The Bakersfield Californian from Bakersfield, California on September 1, 1944 · Page 9
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The Bakersfield Californian from Bakersfield, California · Page 9

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Friday, September 1, 1944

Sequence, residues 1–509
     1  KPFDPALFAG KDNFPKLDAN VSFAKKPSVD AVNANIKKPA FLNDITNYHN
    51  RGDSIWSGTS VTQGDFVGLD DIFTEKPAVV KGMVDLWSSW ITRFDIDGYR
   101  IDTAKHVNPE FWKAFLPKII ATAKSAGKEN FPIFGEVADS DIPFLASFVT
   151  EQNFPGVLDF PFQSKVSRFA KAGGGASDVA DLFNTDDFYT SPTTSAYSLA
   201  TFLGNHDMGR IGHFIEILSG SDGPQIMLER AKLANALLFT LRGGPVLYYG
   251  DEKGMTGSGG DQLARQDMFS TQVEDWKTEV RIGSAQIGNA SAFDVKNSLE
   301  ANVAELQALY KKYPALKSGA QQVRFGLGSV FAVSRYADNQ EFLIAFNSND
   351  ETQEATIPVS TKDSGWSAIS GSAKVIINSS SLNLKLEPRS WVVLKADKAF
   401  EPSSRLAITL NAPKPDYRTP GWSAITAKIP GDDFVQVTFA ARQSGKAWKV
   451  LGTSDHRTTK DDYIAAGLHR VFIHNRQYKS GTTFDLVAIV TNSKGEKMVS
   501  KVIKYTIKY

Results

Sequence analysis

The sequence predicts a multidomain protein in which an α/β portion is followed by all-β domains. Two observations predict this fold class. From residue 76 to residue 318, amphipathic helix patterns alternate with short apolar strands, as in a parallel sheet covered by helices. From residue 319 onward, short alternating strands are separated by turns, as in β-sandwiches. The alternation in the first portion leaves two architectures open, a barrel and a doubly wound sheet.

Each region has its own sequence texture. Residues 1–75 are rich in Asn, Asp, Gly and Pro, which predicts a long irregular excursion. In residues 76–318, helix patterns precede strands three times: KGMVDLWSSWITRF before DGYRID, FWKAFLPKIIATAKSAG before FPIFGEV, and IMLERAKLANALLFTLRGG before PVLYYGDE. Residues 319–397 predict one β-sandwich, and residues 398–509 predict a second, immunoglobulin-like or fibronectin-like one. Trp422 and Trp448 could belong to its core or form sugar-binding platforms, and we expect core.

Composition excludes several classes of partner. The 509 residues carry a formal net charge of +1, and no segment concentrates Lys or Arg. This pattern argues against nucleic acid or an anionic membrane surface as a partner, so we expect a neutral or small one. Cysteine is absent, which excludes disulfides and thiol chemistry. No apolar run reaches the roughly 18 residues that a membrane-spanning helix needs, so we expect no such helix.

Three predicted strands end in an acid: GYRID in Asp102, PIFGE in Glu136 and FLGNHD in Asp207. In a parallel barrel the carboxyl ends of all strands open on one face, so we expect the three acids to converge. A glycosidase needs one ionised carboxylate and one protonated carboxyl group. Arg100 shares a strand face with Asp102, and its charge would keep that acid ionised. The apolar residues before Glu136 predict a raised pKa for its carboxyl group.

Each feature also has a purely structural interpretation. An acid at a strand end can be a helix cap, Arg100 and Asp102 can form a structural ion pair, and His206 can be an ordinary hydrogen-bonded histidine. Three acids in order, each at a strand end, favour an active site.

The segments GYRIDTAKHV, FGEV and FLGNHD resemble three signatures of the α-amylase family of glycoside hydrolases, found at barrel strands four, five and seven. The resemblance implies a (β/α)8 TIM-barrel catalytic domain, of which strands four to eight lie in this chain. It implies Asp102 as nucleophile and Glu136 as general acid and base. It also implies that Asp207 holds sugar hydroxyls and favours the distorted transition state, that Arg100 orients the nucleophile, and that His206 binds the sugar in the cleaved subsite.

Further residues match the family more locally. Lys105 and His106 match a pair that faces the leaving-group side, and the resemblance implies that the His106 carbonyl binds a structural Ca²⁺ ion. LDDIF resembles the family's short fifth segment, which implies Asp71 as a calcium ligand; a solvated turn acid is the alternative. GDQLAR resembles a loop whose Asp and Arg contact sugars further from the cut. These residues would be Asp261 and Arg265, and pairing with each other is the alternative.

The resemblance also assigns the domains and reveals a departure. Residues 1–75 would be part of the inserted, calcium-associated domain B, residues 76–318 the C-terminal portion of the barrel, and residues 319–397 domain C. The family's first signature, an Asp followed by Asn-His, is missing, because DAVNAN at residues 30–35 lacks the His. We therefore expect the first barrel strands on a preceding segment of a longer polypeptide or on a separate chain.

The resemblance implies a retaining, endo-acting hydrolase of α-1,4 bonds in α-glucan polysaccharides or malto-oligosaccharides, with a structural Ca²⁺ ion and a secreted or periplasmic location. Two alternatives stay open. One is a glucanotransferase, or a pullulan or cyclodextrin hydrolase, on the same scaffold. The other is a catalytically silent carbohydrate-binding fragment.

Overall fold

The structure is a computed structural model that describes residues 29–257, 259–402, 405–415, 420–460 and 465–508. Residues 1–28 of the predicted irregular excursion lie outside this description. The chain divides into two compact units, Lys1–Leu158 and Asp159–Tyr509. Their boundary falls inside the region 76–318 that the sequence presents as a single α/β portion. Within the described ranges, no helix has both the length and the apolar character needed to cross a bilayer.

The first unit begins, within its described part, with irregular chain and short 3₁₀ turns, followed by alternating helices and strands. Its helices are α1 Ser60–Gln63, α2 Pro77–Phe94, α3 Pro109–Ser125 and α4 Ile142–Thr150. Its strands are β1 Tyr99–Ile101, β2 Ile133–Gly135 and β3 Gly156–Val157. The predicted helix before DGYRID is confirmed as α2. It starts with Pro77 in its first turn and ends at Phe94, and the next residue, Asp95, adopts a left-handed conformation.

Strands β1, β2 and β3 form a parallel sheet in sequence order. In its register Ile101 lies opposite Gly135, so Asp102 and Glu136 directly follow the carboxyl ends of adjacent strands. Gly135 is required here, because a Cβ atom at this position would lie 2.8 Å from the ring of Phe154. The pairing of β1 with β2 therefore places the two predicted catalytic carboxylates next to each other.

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PIPEFULS ""' i* James N. Jackson Last month when I wrote a three-word biography of James N. V Jackson, and listed "Guadalcanal. Tarawa and Saipan," where during his 31 months service in tlie Pacific with the marines, he has fought bravely, I did not know that those three words would also serve as his epitaph. Today Mr. and -Mrs. W. L. Jack- Ron, of 715 Lilac, received notification from the war department that •Jim Jackson is dead of wounds. Ho r'was at Saipan and doubtless that is where he gave his life in action for you and me and the rest of us here. V We salute bis memory. He went through three of the, greatest battle ordeals of modern times and be went through them as a brave man. He gave his life in such a manner that the marines, his family and those of us at home must always feel obligated to carry on the things he died for in this war. The following letter Is from Jimmy Kadournis, former Bakersfield newspaperman now in the service: Dear Jim: Just a few notes by way of letting you know that I am still up here widening the Fresno beachhead, but now 1 am beginning to ' number my days in California. To Join I!-?9s I was transferred from a base unit a few weeks ago, and wound k up in a service group. This is going to be an interesting thing. however, inasmuch as we arc scheduled to join a B-29 group, probably in the midwest somewhere, and go across with the B-29 boys. It doesn't seem to be a military secret, then, that we will eventually wind up where this thing Is going to last the longest. "Housekeepers" Interesting enough, we will be a sort of "housekeeping" unit for the B-29ers — servicing their planes, etc.—while they go out and do all the "dirty work," so to speak. You see. in our group we have all types of officers and men who will serve as dentists, mechanics, mobile repair men, etc., and, in general, "keep house" while the B-29 boys accomplish their mission. , "Chair-a-Troops" My job In this squadron is something aside from what I have done, administratively, since I landed in the Chair-a-Troops. They call me ^a "classification specialist" now, ' and that is a fancy name, I confess, for the variety of jobs I must do. But my assignment primarily is to keep the soldiers' qualification cards up-to-the-minute, see that the men are working on jobs they are qualified for, and it is a rather responsible task, inasmuch as I am in the headquarters squadron which provides the bulk of the manpower in the service group. "Distinguished Filii>K Cross" Of course. I still don't think I am going to help end the war any sooner, but as a $fi6-a-month man I have no other choice than to do what they tell mo. They tell me I'll never win any medals on this type of job, although I believe that after spending some 15 months as a Corona commando I am entitled to the Distinguished Filing Cross, or something. I haven't yet given up hope. But all this must be very boring to a busy managing editor. I surmise that you are still tethered with your short cords to The Californian. You must have some sort of monopoly on headaches by this time what with serving as M. E., dishing out "Pipe- fuls" to the customers daily, and performing editorial writing. Anyway, Montgomery says the end of war is in sight. Of course, Churchill said about the same thing a couple of years ago, so frankly I am a trifle prone to taking a tongue-in-cheek attitude on "Monty's" prognostication. Ke- gards to the gang. As always, "JIMMY." Harold Reno Wounded in Action Private First Class Harold F. Tleno, United States Marine Corps, has been wounded In action, according to a report from the navy department through Associated Press. His mother, Mrs. Alma Roberts, re- Bides at 1013 Alta street. Union Cemetery NON-PROFIT CORPORATION PERPETUAL CARE View Its Lovely Landscaped Grounds Gardens and Flowers and Gemlike Lakes See Our Monument Display Near the Office Phone 7-7185 (Krldaj, September 1, 1044) LOCAL SECTION BAKERSFIELD, CALIFORNIA, FRIDAY, SEPTEMBER 1, 1944 PAGES 9 TO 16 NEW TEACHERS—Sixty-one teachers beginning service for the first time in the city elementary schools met with Superintendent John L. Compton Thursday morning at 10:00 o'clock. Some of these teachers have come from the states of Arizona, Michigan, South Dakota, Montana, Colorado, Pennsylvania and Minnesota. Set Fall Football Schedule Hedge Re-elected Head of Principals' Group at Meeting Establishment of a fall fool- 1 ball schedule, provisions for j driver education in the high i schools, and tentative plans ! regarding materials used in | the high school military guidance programs constituted ! the agenda of last night's i meeting of the Thirteenth j District of Secondary School j Principals Association, at Bakerslield Inn. at which time L. W. Hedge, principal of Bakerslield High School, was re-elected to the presidency of the association. Kc-clcclcd as secretary of the I group for the coining year was ' Kenneth \V. Rich, principal of East ; Bakersfield High School, and sue- I ceeding Stanford Hannah as elected i delegate to the state representative I council will be Harold Olson, district j superintendent of Delano Union ! High School. j Football Compelition j With many of the high school ath- I Ictic directors of the district present ! to assist with plans, a schedule allowing for football competition bei twecn county schools at night games : was worked out. details of whicfa i will lie announced later. In general, Mr. Hedge announced that in the i Class "A" league, two teams from i Bakersfiold High School, one team I from East Bakersfield High School, ! and one team from Taft Union High I School will compete. In the Class j "B" league, two teams from Bakers- j field High School, one team from Shatter High School, one team from East Bakersfield High School, and one team from Wasco High School will play. Driver Education Mr. Hedge announced that driver education will be a part of the school program this year, such a program being promoted by the state department, at the request of the United States War Department. Motivated to provide driver education in the schools by the two-fold purpose of increasing the surety of safety on the highways, and at the same time providing preinduction training in the manipulation of machinery, the association decided that the course would indued a thorough | background in the rules of the road and adequate safety measures. Mr. Hedge announced that the certificate, which will be issued to the students at the completion of their driver education course, will he accepted by the motor vehicle department in lieu of the examination usually required of the students before being able to acquire a driver's license, Military Guidance Mr. Hedge also announced that at last night's meeting tentative plans were, discussed for the distribution and use of the basic handbooks to be used by the schools in their military guidance programs. Used in this program as the basic handbook will be ihe war department's field manual, entitled, "Soldier's Handbook." Present at last night's meeting were District Superintendent Thomas L,. Nelson, Assistant Superintendent and Business Manager Theron Me- Cuen, Principal L. W. Hedge, Ath.- lotlc Directors Ernest Dalbom and J. B. Haralson, Bakersfield High .School; Miss Grace Bird, director of Bakersfield Junior College; Jack Frost, athletic, director Bakersfield Junior College; Principal Kenneth W. Rich, Attendance Supervisor Dan Reed, East Bakersfield High School; Principal H. W. Kelly, Athletic Director Lowell Todd, Shatter High School; Principal Harold Olson, Athletic Director J. E. Abbey, Delano High School; Principal Lester Smith, Athletic Coach Frank Griffin, Wasco High School; District Superintendent Paul Giddings, Tehachapi High School; District Superintendent Eugene Johnston and A'lce-Princlpal Kenneth G. Skeen, Taft Union High School, MEET CHIEF—Esther Foley of Bakersfield and Jessie Ford of Philadelphia. Pa., meet with Superintentcnt John L. Compton at a meeting Thursday of all teachers beginning service for the first time with the city elementary schools. Postwar Adjustment Forum Set Sept. 28 by A. A. U. W. Offering to Bakersfield the opportunity tn participate in a lively three-speaker forum considering the subject of America's postwar adjustment, the local A. A. t". W., with Mrs. Joseph LeConle acting as chairman of the central planning committee, will obtain services of three noted experts, who will present their views on this challenging topic, September 2S, il was announced today by .Miss Edna Keough, president of the local organization. Recognizing the interest constantly being demonstrated by local citizens, the planning committee has arranged for the general subject of America's postwar adjustment to be considered in the light of three topics: (1) The necessity of understanding the Allies for postwar peace; t-) economic and population trends;' (I!) labor and industry. Mrs. LeConte reports that the speakers to be chosen for the forum have specialized training and practical experience with the problems basic to these three topics, the discussion of which will do much to i clarify the issues underlying postwar • adjustment. | Fashioned after the manner of the much-listened-to radio feature. Town | Meeting of the Air, the forum will | give the audience the chance to j question the speakers on the issues j brought out during the evening's por- gram. Following the individual presentations by the speakers, they will be given a short period during which they may direct questions to each other, thus stimulating audience interest in the problems discussed and additional questions. Members of the local A. A. U. W. who are working on the central planning committee with -Mrs. LeConte, chairman, are Miss Edna Keough, Miss Eloise Nelson. Mrs. Aithur Herrald. Mrs. Robert Sbreve. Mrs. James K. Thrasher. Miss Elcy Me- Govern., Miss Barbara Warren. Mrs. Avery Allen. Miss Evelyn Schilling. Miss Keough announced today that advance reservations for the tickets to the forum may be secured by telephoning Mrs. Robert L. Shrcvc. S-S132. Proceeds of the forum will be used for the club's war work and education program. Red Cross Center to Close Labor Day The Red Cross Production Center, Twenty-first and Chester, will be closed Monday, Labor Day, according to Airs. Frank Kchamblin, production chairman. Beginning September 8, ihe center will be open Fridays from 9 a. m. to :i p. m. as well as Mondays, Tuesdays, Wednesdays and Thursdays from 9 a. m to 3 p. m. and Tuesday evening from 7 to 10 o'clock. Airs. Scbamblin said, adding that more volunteers are needed to make the surgical dressings and other articles now being urgently requested by the army. VA(iRAXCY CHARGE Police officers, together with Officer Albert Madden of the state board of equalization, last night arrested Roberta Harvey, 2125 Q street, on charge of vagrancy, Lieutenant J. H. Lounsbury reported today. URGE TRAVELERS TO CANCEL PLANS EXTRA LABOR DAY TRAFFIC DISCOURAGED In a report received by William J. Elgar, county chairman of the Office of Defense Transportation, Colonel .). Monroe Johnson, director of the ODT, said that prospective Labor Day train and intercity bus travelers had better cancel their plans unless their trips are directly connected with the war. "Only actual service with the armed forces or business directly connected with the prosecution of the war justifies taking up space on trains at this time," Colonel Johnson declared, "since the railroads of the country, taken all together, have now reached the full limit of their capacity to carry passengers. Month after month, trains have been carrying more passengers than they did even in 1943." "Extra Labor Day traffic," the ODT said, "would swamp railroad facilities, and delay and hamper essential travelers. It would subject all travelers to the ordeal of standing in closely packed aisles or vestibules, or waiting on station platforms while trains pull out without even space to stand in, or being required after boarding trains to give up purchased accommodations to make room for wounded soldiers. Any travel that is non-essential makes it that much harder for the railroads to do their main job of war transportation." Colonel Johnson said the latest in- i formation received by the ODT "indicates that over-all military demands for transportation which have shown no let up since the invasion, will not decrease for some i time to come." There will, he said, be sharp increases in certain classes ! of military passengers, such as cas- I ualtles and furloughed soldiers. Mexicans Entertain at Talent Program Troubadores de Mexico and a floor show by Mexican talent were the events featured at a dance Sunday night at the Union Avenue pavilion. Three of the entertainers were former Mexico City radio stars. Singers Included Seiitor Rafael Angel Olvera Sandoval, Senor Mi- Angel Olvera, Senor Miguel Cobosco- bos, Senor Jesua Rodriquez and Senor Salvador Vlllasenor. . Jose Sllva directed the music, for dancing. A bazaar held for the purpose of raising money for a fiesta, which is scheduled for September 15 and 16, was held on Saturday, at the Our Lady of Guadalupe Church. KILLED IX ACTION—First Lieutenant Owen Hugh Filkel, son of Mrs. Mary Ellen Filkel, 2544 Pacific Drive, was killed in action in England. August 5, 1944. Lieutenant Filkel was born in Pike county, III., December 3, 1917. After attending the Kern county grammar, high school and junior college, he entered the service in June, 19-11, and received his commission as second lieutenant at Williams Field, Chandler, Ariz., June 211, 1942. He served at Salt Lake City, Utah, Oelger Field, Wash., Ephrata, Wash., Alamo Field, Texas, Camp Hulen, Texas, Seabring, Fla., Clovis, N. M., and was last stationed at Lincoln, Neb., before going overseas on December 14, 1942. He was commissioned first lieutenant in England and was awarded the Air Medal for meritorious achievement as first pilot on. a B-24 Liberator. His brother, Sergeant George H. Filkel, who is stationed at the Harvard, Neb., Air Corps Base, under the command of Colonel Willie Lewis of Bakersfield, is home for the memorial service, which will be held Sunday, 11 a. m., Mountain View Church. Local Sergeant Gets Infantryman Badge For his performance of duty in action against the enemy in Bougainville. Sergeant James D. Kraywinkle, 501 Baldwin Drive, has been awarded the Combat Infantryman Badge. Kraywinkle, who has been overseas seven months, is a section sergeant in a veteran Infantry regiment which fought at Guadalcanal with other units of the America! Division securing the island on February 9, 1!H3. Again on Bougainville, the regiment distinguished Itself In the bloody battle for Hill 2SO. The division, formed in New Caledonia, is the only division in the United States Army having a name Instead of a number. SIBELIUS WORK DESTROYED STOCKHOLM, Sept. 1. UP>— All the manuscripts of Composer Jean Sibel- ius, were destroyed In a bombing of Leipzig, Dagens Nyheter reported from Helsinki today. The works were kw>t at a Leipzig music pub- Factory for Kern Crop^Set Sugar Firm Heads Favor Plant for County at Meet l!y MAKY K. JAYNES Rt'prcsen In lives from three major sugar companies are in favor of the construction of a sugar beet factory in Kern county, to create more competition and further the possibility of the development of the beet industry in the county, it was revealed at the sugar beet conference during the regular meeting of the Kern County Chamber of Commerce last night, at Hotel 111 Tojoii. Charles P. Lake, president of the chamber, says the sugar beet pro- Kfiun lits into the rotation of crops in the county, as it has a spring harvest, because it will o<|U!ili/o Ihe farm labor by having no demand for harvesters in the fall, during Kern's peak season: and the livestock raisers will benefit by the use of the unused portion of (be beets for livestock feed. J. W. Bouncy, of Oxnard, general manager of the American Crystal Sugar Company: Ward C. Waterman, of the Spreckcls Sugar Company: and Wiley Blair. Jr.. president of the Holly Sugar Company, are all of the opinion that Kern county has a bright industrial future. Sugar Heet Harvester Aiding in the harvesting of the crops would be the new sugar beet harvester, of which moving pictures were shown during the evening. One of these machines would cost the farmer $5000. However, there would bo a rental basis established if a factory wen- constructed In this region. The machines harvest from 250 to 300 acres a season. Marc A. Lindsay, farm adviser, slated that at one time the county bad a very bigb production during a season, and at present, farmers in Shaffer arc producing 24.000 and 25,000 tons to the acre. Walker Chairman | I. W. Walker was chairman of the : beet session and guests present, from 1 other cities enclnded: Robert C. Brown, agriculturalist of the Holly j Sugar Company: B. L. Bowcn. Me- j ! Farland, representative of the Amcri- i can Sugar Crystals Company; and C. j C. O'llare, of Oxnard and of the j American Sugar Crystals Company, j Ernest S. Ellery, new director nf i the community needs committee; and William J. Elgar. new transportation commute head, were presented to the group. In charge of general arrangements was Emory day Hoffman, manager of the Kern Chamber of Commerce. Pilot Believed Dead in Airplane Crash An unidentified pilot, believed to have been from the Mojave base, was reported to have crashed to his death today according to employes at Tehachapi Hospital who sent an ambulance to the scene of the accident. The crash Is believed to have occurred on the east slope of Cummings mountain in the vicinity of Oak creek where the county fire department was called to extinguish a one-half acre grass fire. The Mojave Air Base public relations office confirmed the crash but stated that it is not known whether the pilot was killed. His identity has not yet been released. LETTER CARRIER CONVENTION—II. L. Street, general chairman of arrangements for the California Letter Carriers Association, knows that the job of sending out invitations to the convention was well done because he gul one himself. His young son. .Michael, 7, is handing the bid to him. telling him the convention registrations begin Saturday at Hotel El Tcjon. State Letter Carriers Will Convene in City Sept. 2,3 Biennial convention of the California State Association of Letter Carriers will bring 250 or 300 guests to Bakersfield over Saturday and Sunday with convention headquarters at Hotel El Tejon, it was announced today. Registration of the delegates, who will come from practically every city in the slate, will begin Saturday at 1 p. in. at the hotel. Saturday will be given chiefly to festivities, with a dinner scheduled at 7 p. in. to be followed by dancing. The business session will begin at S::!'i a. m. Sunday at the local Eagles hall, while the Ladies' Auxiliary will hold its convention concurrently in the Spanish ballroom at the hotel. Official (.ucsls Among the official guests expected arc four national officers', in addition to the state executives. Among the latter will be Hugh Spaulding of Pasadena, president, who expects his entire staff to be present at the local meeting. The national officers will include RANGERSSLATE THREE-DAY RIDE WARREN WEBSTER WILL HEAD KERN GROUP I Reuben B. Kroner, of Seattle, mem- ! her of the executive hoard who will i be accompanied by Mrs. Krcnwr; I Everett II. Burns, of Los Angeles, | chairman of the committee on con- ; [ siitution and laws; Daniel It. Sulli- ; van. of San Francisco, treasurer, j and William J. Gorman, of Wash- i ington, U. C.. national secretary. i Officer Election | Election of stale officers and cither j business will be conducted at the ! Sunday meeting and the national [ officers will be among the speakers j of the day. II. L. Street has acted as general j chairman of the committee in charge of arrangements for the convention. Vermm Oldcrshaw. president of the local chapter, Xo. 782, has been assisting in directing all the reception plans. Other members of the committee include Harvey Thomas, housing; Robert Hilton, chairman of entertainment: Charles Hcnsley and James Bruuscll. refreshment.--:. Mrs. Brunsell hends the local women's auxiliary and Mrs. Vernon Cage Is chairman of convention arrangements for the women's group. , _^ Legion Gets Citation for Bond Drive Work, Three Killed in Accidents Man Held on Hit-Run Charge Following Fatal Accident ( Edward li. Udloek, 10, of 1310 Thirtieth street, is being held on suspicion of hit-and- run and manslaughter, according to Captain LeHoy F. Galyen, of the California State Highway Patrol, who reported that John Shore, 50, employe of the Pxosedalc branch of the Kern County Land Company, was killed yesterday while working on -,\ gate near the Seventh Stiiiulanl Uond. He was struck by MM automobile driver who continued on after bitting bini. Shore was taken to Mercy Hospital nnd Mien to the Seherb clinic, where lie was pronounced dead on arrival. The body is at Payne & Son Chapel. [ Descriptions of Trunk From descriptions of the hit-and- run red pick-up truck obtained from three fellow workers on the gate building job and from tools dropped along the highway, patrolmen were able to apprehend the driver before ii p, m. ; Captain Oalyen said that T'dlock j had been drinking and that tests will ] tell whether or not he was intoxi- ; caled. Second Hit, Run Victim Another hit and run victim Thurs- i 'lav was 70-year-old Pleasant Hart!'•>-, Houte (i, Box 693. who was Miuck and knocked unconscious shortly after sundown on Sterling Road near his home, according to attaches at Mercy Hospital where he was taken for treatment of minor abrasions and lacerations and dismissed to his family. The victim, who had been returning from a neighborhood store at the time of the accident, did not remember what had happened to him, according to his sister. TWO ARVIN RESIDENTS KILLED IN SOUTH Two Arvln residents were killed instantly yesterday when their cat- collided with a tanker in San Fernando, it was learned here today. Killed in the accident were Mrs. M. C. .Sayer and Mrs. William Yotz. Funeral arrangements are pending. Surviving Mrs. Sayer is her husband, former operator of the Arvin Cement I'ipe yard, now a farmer in that, district. Mrs. Yotz leaves her husband, of Arvin, and two children in the south. "HITLER" FOR DINNER EMPORIA, Kan., Sept. 1. (.£>>— Kansas Legionnaires have taken on a sizeable order—they're going to eat "Hitler" at their third war council of the state department in Emporia, opening this week end. "Hitler," is a big, fat steer already slaughtered and ready to be barbecued. WITH US TODAY J. E. Barry, Tulsa, Okla. Business. Southern hotel. Mr. anil Mrs. K. Logan, Rock Springs, Wyo. Business. Southern hotel. Mr. anil Mrs. R. Marks, DCS Moines, Iowa. Visiting. Southern hotel. Mr. anil Mrs. Cecil Rrililing, Urbana, 111. Business. Porterfield hotel. The Kern County Rangers, stale division of forestry, will make a three-day ride to Mount Breckcn- ridge and return, September 2, 3 and 4, under the command of Captain Warren Webster. Riders will assemble at 7 a. m. at the aircraft warning tower in the orange groves just north of Edison, riiling from there to Cottonwool! creek where the first problem will be worked out on the way up Cottonwood creek to the adobe corrals, where camp will be made. Sunday the group will work on still more problems in the higher timbered elevations of Breckenrldge, other problems will be worked out on the return ride Monday. Chef Ray Morales will be in charge of the chuck ! wagon. Captain Webster will be assisted on the trail by Rangers Dick Fleming, Robert Johnson and Jack C'arley. Elmer Sadocchi, of the sheriff's posse, will act as judge of the maneuvers, assisted by Wally Bernard, noted Hollywood horseman. Hand Chief 1'iupire Ranger Ted Hand will act as chief umpire, assisted by Hangers Dave Heywood and H. W. "Ol" " McGowan. Mr. Hand'will also act as "emcee" at the fiesta and barbecue, which will be staged Sunday evening by Mr. Bernard. Arrangements for the ride and maneuvers, which have the sanction of Chief Ranger Harold Bow hay and Chief Ben Cooper of the county fire department, are being made by Banger Leo Potter, chairman, assisted by Rangers Harry Miller. Jack C'arley, Earl Chesmoro, and Claude Neilson. Kiiiigprettes (iiicMs The Bakersfield Rarigerettcs, under the command of Captain Kay liosle.tt. will be. guests of the Rangers on the ride and will participate in the maneuvers. A citation for patriotic co-operation on behalf of the war finance program was received by the Frank S. Reynolds post of the American Legion from the treasury department this morning, according to an announcement by adjutant N. A. (Slats) Curran. The certificate was issued to the post for its part in the war bond drive held in co-operation with the j merchants division of the Bakers- j field Chamber of Commerce in June j and July when $5110,000 was col- | Icctcd to lie used in the building | of hospital planes for evacuation of i wounded in war zones. (!Ienn Stani field was chairman of the ' Curran said. i The Bakersfield Chamber of Com- I merce received a similar citation ' three weeks ago. MEN FACE 46 COUNTSON SALE GYPSUM TRANSACTION BASIS OF CHARGES Robert Newman Gets Marine Commission Marine Robert P. Newman, son of Mr. and Mrs. Max II. Newman, has been commissioned a second lieutenant, following his graduation from basic officer training classes at the Marine Corps Base, Quatitico. Va. He is now undergoing advanced training. Lieutenant Newman attended University of Southern fornia at Los Angeles and the versity of California at Berkeley, prior tn entering the service in May. j His wife, Barbara, resides in San I Dimas. .y.:i> AND <;AS COITONS TAKEN Making passage through a grill, burglars last night entered the Seaside Service Station located at No. 1 Chester avenue, between 12:50 and 1:.'!(' a m. forcing a cash register open and taking $2(1 in change and coupons sufficient to the purchase of 2IMI gallons of hard-to-get gasoline, city police reported this morning. Inspectors E. A. Walls and W. R. Dolan are in charge of investigation. A near record in misdemeanor counts filed against defendants in a single case was noted in the office of District Attorney Tom Scott today as V. C. Hatley. 40, and C. F. Casida. 42. of Lost Hills, found themselves facing a long roll of 46 counts, all of which had to do with the sale of gypsum in violation of several sections of the agricultural code, Deputy District Attorney Roland j Woodruff said this morning. j Deputy Woodruff stated that the I two defendants had been operating under the business name of Star Gypsum Mines and that they had been doing business without a certificate since last June. He also alleged drive, I the charge that the gypsum content | of the tonnage sold had been found to lie below standards set by the state bureau of chemistry of the department of agriculture. "In 19:14 only 7914 tons of gypsum were sold to California farmers, while in 1H44 state farmers bought a total of 194.262 tons, so great has been the need for the mineral on certain types of soil. It is easy to see that the gypsum business is getting to bo of considerable importance, especially in the San Joaquin valley, and it is likewise true that farmers lose great sums of money in buying I waste gypsum and in loss of crops j unless the sale of the mineral is , closely guarded," Deputy District ; Attorney Woodruff said. ': The defendants, arraigned in the ] Thin! Town.-hip Justice Court before l-'i'ank Noriega on August 2S, when they pleaded "not guilty." demanded a trial by jury, and Judge Noriega set the trial for September 22 at 10 a. m. Dun Kendall of the law firm of Kendall, Howell & Deadrich. is representing the defendants, it is announced. Farmers Urged to Place Engine Orders Kt;rn county farmers who wish to buy single.phase electric motors, and fans or blowers, for hay drying equipment are advised by the War Food Administration to place their orders well in advance of needs. A recent War Production Board report received bv the local Agricultural Adjustment Agency shows that it takes four to five weeks for manufactures of fans and blowers to make delivery, and that five to six months are required for making delivery of single-phase electric motors. J. K. Bright, chairman of the county AAA committee, declared that applications fur such equipment should he placed with the county committee. SUGAR MEET—Representatives of the large sugar companies, sugar beet industry and members of the Kern County Chamber of Commerce share meeting of statewide interest at Hotel El Tejon. Left to right: A. H. Walker, director, and chairman of the Kern County Chamber of Commerce Agricultural Council; Hugh F. Alelvin of San Francisco, district manager of the Spreckels Sugar Company; Gordon Lyons, manager of the California Sugar Beet Growers' Association; Charles V. Lake, presidei^ of the Kern County Chamber of Commerce; Emory Gay Hoffman, manager of the Kern County Chamber of Commerce: Wiley Blair, Jr., of Colorado Springs and Stockton, president of tha Holly Sugar Company. J. W. Rooney, or Oxnard, general manager of the American Crystal Company,*ivas also present. Labor Day Week End Will Be Bright, Cool The weatherman, casting aside prosaic langauge of forecasting, today predicted a "pleasant, cool, bright and sunny" Labor Day week end and pointed out that whether you can get away for an outing cr not, your week end evening* "will be eiAanced by bright moorrt^ht "